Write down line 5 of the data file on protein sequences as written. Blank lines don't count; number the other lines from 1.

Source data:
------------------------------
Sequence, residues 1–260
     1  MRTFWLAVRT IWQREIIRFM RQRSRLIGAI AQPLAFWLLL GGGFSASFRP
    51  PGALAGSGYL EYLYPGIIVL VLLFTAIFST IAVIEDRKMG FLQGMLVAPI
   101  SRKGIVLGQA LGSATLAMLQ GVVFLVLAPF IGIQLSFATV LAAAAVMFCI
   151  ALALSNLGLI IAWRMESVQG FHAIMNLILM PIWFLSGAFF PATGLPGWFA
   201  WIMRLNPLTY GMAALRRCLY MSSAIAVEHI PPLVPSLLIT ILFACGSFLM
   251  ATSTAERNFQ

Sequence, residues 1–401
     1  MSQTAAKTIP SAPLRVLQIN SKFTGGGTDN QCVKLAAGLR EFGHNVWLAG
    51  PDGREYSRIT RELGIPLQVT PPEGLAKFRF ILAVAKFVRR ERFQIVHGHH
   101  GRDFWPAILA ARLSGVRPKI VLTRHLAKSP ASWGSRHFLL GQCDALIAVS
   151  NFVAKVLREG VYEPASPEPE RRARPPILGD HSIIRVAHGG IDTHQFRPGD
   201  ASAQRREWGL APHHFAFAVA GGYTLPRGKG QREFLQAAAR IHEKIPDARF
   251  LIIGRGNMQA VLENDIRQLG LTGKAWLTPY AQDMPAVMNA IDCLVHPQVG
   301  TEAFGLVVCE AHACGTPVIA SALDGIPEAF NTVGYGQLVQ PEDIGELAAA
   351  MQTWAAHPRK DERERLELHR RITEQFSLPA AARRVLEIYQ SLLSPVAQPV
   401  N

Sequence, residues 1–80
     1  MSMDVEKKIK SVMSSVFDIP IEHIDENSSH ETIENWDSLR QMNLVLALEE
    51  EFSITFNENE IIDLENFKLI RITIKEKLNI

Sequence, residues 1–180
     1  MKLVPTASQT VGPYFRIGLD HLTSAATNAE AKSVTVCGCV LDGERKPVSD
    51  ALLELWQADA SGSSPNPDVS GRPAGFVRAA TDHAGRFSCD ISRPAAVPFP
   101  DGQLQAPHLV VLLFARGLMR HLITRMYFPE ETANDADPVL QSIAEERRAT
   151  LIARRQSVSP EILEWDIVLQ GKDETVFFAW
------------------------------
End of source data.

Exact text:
   151  ALALSNLGLI IAWRMESVQG FHAIMNLILM PIWFLSGAFF PATGLPGWFA